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Re: A per-user or per-application

> On Feb 8, 2016, at 12:19 PM, Carlos O'Donell <> wrote:
> On 02/08/2016 02:10 PM, Florian Weimer wrote:
>> On 02/08/2016 07:40 PM, Carlos O'Donell wrote:
>>> Under what conditions might it make sense to implement
>>> a per-user
>>> At Red Hat we have some customers, particularly in HPC,
>>> which deploy quite large applications across systems that
>>> they don't themselves maintain. In this case the given
>>> application could have thousands of DSOs. When you load
>>> up such an application the normal search paths apply
>>> and that's not very optimal.
>> Are these processes short-lived?
> No.
> See [1]. 
>> Is symbol lookup performance an issue as well?
> Yes. So are the various O(n^2) algorithms we need to fix
> inside the loader, particularly the DSO sorts we use.
>> What's the total size of all relevant DSOs, combined?  What does the
>> directory structure look like?
> I don't know. We should as Ben Woodard. To get us that data.
> Ben?

I just talked to one of the developers to get a good sense of the current problem. 
The sum of the on-disk file ELF files including debuginfo for one app that we looked at is around 3GB but when we just look at the text in all the ELF files it is 100-200MB depending on architecture spread across about 1400 DSOs. 

Not including the directories already found in the system runtime linker cache there were around 15 directories being pointed to.

>> Which ELF dynamic linking features are used?
> I don't know.

Currently to improve performance they use a lot of rpath and environment specific link paths setup by something quite a lot like modules.

As you pointed out they also have an application which assists in loading all of these libraries for a large MPI job which is called spindle. That makes use of the audit interface.

They wrote a benchmark which demonstrates some of the challenges that they face:
>> Is the bulk of those DSOs pulled in with dlopen, after the initial
>> dynamic link?  If yes, does this happen directly (many DSOs dlopen'ed
>> individually) or indirectly (few of them pull in a huge cascade of
>> dependencies)?
> I do not believe the bulk of the DSOs are pulled in with dlopen.
> Though for python code I know that might be the reverse with each
> python module being a DSO that is loaded by the interpreter.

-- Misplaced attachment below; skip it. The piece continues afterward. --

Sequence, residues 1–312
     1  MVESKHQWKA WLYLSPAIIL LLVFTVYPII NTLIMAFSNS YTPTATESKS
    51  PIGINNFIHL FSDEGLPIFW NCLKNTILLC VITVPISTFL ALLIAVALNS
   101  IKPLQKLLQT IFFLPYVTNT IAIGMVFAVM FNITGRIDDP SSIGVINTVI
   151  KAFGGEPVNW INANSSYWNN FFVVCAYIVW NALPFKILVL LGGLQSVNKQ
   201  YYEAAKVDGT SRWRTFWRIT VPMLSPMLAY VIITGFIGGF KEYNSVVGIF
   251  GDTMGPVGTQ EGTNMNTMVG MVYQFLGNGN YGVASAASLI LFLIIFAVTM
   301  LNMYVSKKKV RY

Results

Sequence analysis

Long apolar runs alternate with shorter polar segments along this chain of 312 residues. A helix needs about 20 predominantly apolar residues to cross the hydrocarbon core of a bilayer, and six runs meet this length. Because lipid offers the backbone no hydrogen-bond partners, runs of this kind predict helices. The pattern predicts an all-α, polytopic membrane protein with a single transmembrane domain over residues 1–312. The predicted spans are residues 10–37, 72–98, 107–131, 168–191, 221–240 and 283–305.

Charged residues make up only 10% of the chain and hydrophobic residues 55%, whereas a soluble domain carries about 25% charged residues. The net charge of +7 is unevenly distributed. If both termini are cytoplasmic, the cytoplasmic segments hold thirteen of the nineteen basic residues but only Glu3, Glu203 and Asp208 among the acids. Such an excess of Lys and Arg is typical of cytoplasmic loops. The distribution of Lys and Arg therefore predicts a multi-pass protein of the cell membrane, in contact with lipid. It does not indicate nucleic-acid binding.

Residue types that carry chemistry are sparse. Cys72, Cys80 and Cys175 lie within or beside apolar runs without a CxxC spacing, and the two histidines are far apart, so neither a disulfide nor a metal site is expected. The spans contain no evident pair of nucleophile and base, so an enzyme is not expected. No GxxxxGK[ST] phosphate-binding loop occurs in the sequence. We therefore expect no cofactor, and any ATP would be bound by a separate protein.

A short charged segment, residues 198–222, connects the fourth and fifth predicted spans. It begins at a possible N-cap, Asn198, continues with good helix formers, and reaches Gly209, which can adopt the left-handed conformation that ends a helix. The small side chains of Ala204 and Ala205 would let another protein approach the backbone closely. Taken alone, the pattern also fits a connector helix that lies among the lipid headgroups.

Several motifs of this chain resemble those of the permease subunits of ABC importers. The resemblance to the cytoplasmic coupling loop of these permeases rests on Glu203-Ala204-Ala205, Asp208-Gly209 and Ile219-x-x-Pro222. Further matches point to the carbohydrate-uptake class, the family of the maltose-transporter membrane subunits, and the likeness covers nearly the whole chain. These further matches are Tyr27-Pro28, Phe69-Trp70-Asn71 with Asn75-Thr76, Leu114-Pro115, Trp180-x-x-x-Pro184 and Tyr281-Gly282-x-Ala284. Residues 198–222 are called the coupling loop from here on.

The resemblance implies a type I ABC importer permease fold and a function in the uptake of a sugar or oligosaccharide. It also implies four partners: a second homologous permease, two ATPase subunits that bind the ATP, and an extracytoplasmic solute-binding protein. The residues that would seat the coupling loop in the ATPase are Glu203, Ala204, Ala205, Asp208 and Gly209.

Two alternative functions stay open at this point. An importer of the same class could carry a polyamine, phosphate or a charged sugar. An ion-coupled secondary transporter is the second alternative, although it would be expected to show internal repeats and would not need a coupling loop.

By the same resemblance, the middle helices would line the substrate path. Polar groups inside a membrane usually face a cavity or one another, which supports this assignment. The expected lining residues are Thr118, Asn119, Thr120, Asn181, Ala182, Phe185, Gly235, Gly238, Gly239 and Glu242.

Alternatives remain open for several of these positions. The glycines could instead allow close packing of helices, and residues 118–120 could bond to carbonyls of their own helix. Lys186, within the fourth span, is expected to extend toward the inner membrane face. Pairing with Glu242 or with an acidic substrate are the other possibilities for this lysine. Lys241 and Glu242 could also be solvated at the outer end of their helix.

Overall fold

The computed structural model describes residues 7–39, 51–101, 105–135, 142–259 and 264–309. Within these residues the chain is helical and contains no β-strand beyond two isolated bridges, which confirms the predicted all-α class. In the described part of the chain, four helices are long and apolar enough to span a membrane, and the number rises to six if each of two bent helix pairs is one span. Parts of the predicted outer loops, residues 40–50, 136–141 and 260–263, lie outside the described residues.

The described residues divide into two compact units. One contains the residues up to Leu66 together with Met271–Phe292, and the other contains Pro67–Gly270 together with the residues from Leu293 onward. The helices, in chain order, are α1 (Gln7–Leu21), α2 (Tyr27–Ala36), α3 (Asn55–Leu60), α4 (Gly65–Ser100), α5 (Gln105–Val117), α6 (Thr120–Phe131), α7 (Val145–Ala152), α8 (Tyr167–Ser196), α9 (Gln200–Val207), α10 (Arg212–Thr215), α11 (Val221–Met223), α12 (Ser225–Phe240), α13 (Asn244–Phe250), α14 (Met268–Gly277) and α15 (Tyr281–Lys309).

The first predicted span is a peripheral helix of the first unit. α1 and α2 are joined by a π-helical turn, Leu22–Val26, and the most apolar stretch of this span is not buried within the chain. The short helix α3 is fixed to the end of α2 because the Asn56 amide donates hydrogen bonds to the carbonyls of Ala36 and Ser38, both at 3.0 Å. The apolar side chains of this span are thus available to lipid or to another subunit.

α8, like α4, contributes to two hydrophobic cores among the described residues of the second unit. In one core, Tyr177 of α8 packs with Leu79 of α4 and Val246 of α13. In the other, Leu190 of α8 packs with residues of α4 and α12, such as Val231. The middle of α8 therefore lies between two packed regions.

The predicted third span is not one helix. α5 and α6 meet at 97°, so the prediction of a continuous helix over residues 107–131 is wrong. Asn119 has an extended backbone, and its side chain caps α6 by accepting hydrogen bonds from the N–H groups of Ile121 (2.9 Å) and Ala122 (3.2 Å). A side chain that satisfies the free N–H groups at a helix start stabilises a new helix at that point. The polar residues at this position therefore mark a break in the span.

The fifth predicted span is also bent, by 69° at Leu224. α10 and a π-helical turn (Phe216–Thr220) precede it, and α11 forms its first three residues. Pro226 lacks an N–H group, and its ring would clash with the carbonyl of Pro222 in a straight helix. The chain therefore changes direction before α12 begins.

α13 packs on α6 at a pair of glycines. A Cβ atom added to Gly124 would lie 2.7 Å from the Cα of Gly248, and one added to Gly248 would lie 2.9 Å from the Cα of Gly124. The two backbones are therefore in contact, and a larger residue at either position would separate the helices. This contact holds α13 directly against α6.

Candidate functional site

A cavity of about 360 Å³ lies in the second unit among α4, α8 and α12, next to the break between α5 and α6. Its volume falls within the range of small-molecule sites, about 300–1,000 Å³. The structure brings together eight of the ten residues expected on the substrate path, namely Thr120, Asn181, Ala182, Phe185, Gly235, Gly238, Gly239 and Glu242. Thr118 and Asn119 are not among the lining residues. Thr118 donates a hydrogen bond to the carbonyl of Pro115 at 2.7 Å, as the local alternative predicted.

Unfortunately, that is in fact the case. Many of the applications are glued together with python while bulk of the computation occurs in C++. So much of the code is in fact loaded by a python interpreter.
> Which means we probably have two cases:
> * Long chains of DSOs (non-python applications)
> * Short single DSO chains, but lots of them (python modules).

I brought up this scenario with the developer and there is a 3rd scenario which is python loads a computational library which then has quite a few dependencies. In particular, basically every high level physics library needs to use MPI to communicate between adjacent cells in the mesh. 
>> If the processes are not short-lived and most of the DSOs are loaded
>> after user code has started executing, I doubt an on-disk cache is the
>> right solution.

Except for the fact that the process is starting on literally thousands of nodes simultaneously and its libraries are scattered around about 15 non-system project directories. This leads to a phenomenal number of NFS operations as the compute nodes search through 20 or so directories for all their components. That brings even very powerful NFS servers to their knees. 

> Why would a long-lived process that uses dlopen fail to benefit from an
> on-disk cache? The on-disk cache, as it is today, is used for a similar
> situation already, why not extend it? The biggest difference is that
> we trust the cache we have today and mmap into memory. We would have to
> harden the code that processes that cache, but it should not be that
> hard.
> Would you mind expanding on your concern that the solution would not work?


> Cheers,
> Carlos.
> [1]

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